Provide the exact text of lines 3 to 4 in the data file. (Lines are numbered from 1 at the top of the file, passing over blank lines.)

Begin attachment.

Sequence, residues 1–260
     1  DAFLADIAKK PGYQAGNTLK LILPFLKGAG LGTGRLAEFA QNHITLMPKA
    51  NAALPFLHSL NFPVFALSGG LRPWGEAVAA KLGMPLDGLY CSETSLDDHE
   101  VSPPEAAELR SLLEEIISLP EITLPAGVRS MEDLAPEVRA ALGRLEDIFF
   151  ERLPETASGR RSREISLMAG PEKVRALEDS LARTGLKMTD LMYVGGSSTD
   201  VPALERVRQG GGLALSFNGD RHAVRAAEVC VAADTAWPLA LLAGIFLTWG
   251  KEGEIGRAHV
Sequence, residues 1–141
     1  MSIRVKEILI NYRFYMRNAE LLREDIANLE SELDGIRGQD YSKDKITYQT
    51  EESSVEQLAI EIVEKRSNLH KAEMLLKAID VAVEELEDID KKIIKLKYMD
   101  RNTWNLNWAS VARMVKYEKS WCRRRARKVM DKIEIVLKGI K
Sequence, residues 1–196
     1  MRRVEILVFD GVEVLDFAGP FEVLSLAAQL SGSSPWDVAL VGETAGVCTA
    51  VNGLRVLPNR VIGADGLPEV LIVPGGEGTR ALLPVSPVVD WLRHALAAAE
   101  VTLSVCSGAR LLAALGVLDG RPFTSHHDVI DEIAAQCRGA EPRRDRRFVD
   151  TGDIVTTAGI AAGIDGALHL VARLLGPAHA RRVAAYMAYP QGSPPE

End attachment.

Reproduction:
    51  NAALPFLHSL NFPVFALSGG LRPWGEAVAA KLGMPLDGLY CSETSLDDHE
   101  VSPPEAAELR SLLEEIISLP EITLPAGVRS MEDLAPEVRA ALGRLEDIFF